Rambunctious physical performance with a strong emphasis on imagination and friendship.
Nerida Dickinson – ArtsHub
50 minutes can be a long time for many children to sit and pay attention to a stage, but Spare Parts Puppet Theatre makes the time fly past with this brightly coloured production.
Vivid colours,clear shapes, clever clowning and upbeat music combine to reflect on the big issues of childhood, play, imagination, difference and friendship. Oh, and getting caught being naughty.
A big triangle flips, moves and then grows legs and scuttles around the stage. A huge square also sprouts limbs, and their occupants gradually emerge, catch sight of each other and start playing. Their fun is interrupted by the odd arrival of a big blue circle, complete with smiling boy, rolling around the stage. The square and the triangle keep playing together, but always seem to end up picking on the circle when he tries to join in. Even when they draw pictures, the square and triangle cooperate to make a fun playground, but the circle additions turn the play equipment into little faces that join up to make a big face… that winks! Given a piece of paper each, the square and triangle people quickly fold theirs to make boats, that become hats, that then become fish tails – featuring many imaginative uses of a simple paper toy. The circle boy may not fold as cleverly as the other two, but he takes his piece of paper, and it becomes a telescope, then a rocket that takes him past the moon and to adventures in outer space! Returning to Earth he makes other toys from paper that make square and triangle want to play with him and give him a way to play with them.
The action in this performance is non-stop, high-energy – nearly all the way through. Performers are constantly engaging the attention of young audience members through clear facial expressions, physical tumbling, creative play with the simple colourful shapes and witty slapstick moves. The journey to the moon section is quietly beautiful, with puppet and performer interaction that is gentle and magical. Younger audience members may find the darker setting a little fearful if they are going through night fears, but this is offset by both the cuteness of the alien puppet and the clever use of children’s song themes in Lee Buddle’s musical accompaniment of this section.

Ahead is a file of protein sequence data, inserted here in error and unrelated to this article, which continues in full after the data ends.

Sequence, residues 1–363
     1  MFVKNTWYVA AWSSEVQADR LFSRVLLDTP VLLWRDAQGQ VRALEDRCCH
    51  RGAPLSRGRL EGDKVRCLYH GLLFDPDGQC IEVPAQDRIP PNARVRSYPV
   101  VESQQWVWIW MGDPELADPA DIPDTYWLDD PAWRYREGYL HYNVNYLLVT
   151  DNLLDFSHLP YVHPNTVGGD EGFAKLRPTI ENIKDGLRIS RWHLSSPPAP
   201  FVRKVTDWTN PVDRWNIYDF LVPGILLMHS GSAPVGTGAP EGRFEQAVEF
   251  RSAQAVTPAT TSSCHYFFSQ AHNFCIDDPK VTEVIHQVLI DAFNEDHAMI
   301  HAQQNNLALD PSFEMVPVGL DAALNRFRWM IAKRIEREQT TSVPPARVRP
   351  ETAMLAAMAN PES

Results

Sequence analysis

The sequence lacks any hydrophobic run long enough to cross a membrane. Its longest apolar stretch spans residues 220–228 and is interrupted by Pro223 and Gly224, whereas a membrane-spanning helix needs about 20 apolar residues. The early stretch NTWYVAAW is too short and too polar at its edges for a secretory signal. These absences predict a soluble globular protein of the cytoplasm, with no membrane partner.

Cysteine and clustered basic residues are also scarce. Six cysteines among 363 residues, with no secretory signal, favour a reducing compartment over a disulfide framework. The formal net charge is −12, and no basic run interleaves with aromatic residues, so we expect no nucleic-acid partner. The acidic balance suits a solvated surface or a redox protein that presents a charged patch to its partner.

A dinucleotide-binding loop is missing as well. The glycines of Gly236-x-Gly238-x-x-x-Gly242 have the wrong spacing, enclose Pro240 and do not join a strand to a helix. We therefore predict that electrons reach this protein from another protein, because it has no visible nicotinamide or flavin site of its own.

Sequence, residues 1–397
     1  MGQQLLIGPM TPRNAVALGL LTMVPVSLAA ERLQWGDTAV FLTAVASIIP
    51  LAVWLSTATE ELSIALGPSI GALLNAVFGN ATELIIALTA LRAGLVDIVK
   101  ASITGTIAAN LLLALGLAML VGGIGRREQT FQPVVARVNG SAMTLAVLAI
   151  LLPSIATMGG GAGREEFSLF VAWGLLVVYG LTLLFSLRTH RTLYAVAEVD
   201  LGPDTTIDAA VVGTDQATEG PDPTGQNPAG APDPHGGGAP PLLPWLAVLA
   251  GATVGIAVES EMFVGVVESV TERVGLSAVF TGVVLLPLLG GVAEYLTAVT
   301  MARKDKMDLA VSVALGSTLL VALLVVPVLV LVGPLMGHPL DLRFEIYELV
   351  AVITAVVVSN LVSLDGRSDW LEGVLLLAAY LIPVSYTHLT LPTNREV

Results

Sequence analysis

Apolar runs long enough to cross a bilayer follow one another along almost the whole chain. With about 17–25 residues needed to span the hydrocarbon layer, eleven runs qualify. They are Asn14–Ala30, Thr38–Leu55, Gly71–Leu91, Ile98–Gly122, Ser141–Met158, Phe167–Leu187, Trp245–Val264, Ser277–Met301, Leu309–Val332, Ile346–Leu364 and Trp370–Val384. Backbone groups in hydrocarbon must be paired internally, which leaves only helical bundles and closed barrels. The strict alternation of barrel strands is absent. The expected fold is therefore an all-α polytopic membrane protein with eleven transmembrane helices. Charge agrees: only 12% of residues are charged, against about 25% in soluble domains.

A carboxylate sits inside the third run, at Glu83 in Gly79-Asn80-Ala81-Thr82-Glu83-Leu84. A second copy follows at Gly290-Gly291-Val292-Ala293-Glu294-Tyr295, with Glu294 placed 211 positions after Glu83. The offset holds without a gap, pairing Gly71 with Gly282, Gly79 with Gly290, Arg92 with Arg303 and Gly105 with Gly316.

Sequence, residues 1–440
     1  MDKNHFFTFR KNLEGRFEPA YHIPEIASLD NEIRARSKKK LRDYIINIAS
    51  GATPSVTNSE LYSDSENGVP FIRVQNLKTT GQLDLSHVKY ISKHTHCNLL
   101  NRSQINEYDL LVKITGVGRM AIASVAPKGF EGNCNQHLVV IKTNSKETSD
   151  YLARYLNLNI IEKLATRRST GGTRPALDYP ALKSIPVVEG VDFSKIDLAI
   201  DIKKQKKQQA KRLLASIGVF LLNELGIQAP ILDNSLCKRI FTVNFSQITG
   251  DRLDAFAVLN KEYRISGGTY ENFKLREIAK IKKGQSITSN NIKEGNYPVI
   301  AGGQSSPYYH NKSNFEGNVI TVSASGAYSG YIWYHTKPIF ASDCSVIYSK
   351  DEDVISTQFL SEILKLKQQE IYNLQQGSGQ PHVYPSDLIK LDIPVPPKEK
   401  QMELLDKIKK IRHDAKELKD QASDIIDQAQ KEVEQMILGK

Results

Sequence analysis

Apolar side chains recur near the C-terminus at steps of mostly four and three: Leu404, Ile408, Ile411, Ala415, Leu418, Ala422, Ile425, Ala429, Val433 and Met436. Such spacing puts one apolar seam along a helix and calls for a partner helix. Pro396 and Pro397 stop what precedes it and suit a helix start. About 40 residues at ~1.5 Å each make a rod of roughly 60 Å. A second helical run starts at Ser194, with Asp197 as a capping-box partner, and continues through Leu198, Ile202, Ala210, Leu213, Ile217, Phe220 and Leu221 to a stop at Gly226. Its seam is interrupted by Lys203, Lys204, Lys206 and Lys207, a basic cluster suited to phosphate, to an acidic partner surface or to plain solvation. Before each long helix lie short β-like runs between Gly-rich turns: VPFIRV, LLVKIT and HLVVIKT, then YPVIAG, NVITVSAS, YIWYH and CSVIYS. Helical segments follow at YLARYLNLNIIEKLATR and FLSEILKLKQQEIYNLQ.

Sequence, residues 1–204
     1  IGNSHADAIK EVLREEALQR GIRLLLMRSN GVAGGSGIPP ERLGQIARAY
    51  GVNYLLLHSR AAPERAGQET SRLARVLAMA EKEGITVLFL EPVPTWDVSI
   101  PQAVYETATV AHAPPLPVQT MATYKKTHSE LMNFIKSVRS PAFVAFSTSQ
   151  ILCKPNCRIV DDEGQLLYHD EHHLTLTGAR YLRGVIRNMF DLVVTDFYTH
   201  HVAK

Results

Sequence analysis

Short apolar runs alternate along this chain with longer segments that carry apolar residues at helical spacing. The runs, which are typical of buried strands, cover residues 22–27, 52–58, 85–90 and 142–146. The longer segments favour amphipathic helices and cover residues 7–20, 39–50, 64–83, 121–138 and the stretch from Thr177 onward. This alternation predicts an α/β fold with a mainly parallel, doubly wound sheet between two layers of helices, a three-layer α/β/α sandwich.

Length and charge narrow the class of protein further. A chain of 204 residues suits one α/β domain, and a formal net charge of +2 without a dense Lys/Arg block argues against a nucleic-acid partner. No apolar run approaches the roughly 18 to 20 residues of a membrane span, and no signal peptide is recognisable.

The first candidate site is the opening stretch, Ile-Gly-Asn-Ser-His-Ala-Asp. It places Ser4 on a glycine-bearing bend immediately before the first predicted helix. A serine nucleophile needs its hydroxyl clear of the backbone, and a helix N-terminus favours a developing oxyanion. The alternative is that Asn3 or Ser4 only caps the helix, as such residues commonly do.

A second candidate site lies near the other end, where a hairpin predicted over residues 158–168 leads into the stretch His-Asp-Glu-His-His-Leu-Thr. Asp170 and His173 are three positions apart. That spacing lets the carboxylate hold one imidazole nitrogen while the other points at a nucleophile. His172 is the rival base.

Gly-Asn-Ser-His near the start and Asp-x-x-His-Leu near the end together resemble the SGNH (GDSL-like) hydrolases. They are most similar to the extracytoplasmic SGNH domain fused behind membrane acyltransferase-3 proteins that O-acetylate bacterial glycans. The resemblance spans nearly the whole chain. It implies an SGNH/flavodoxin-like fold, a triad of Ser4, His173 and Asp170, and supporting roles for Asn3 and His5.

The non-verbal nature of Sally Richardson’s creation allows audience members of all ages and abilities to comprehend the performance each at their own levels. The repeated motifs of coloured shapes in various sizes and context are delightful in their use for creative play, showing the different approaches by different children and not idealising the relationships of childhood, with different ideas being dismantled with malicious glee by Bec Bradley and Imanuel Dado! The paper folding sections also celebrate the alternatives to conforming, with the delight of imagination depicted throughout by Yvan Karlsson’s quiet, wide-eyed grin.
Splat! provides plenty of content for discussion with children over a spread of ages. Older audience members might like to consider the feelings involved with the instances of bullying, teasing, ostracism and destructive play activities. Younger children may find that the slapstick falls, bum jokes, games of hide and seek and peekaboo and creation of houses with simple shape combinations are more fascinating, but the show leaves many possibilities open for individual reflection and interpretation.
Technical highlights Andrew Lake’s tightly controlled lighting design, responding to movement cues as well as the musical accompaniment for seamless movement through scenes. However the performers’ interaction with Cecile Williams’ animation design on the cleverly integrated screen at the back of the stage is a joy to watch both as it happens and as the children respond to the magical results.
An exciting feature of this year’s winter school holiday season, this production of Splat! brings colour, laughter and movement that entertains and opens the potential for a range of conversations and learning for everyone.
Rating: 4 stars out of 5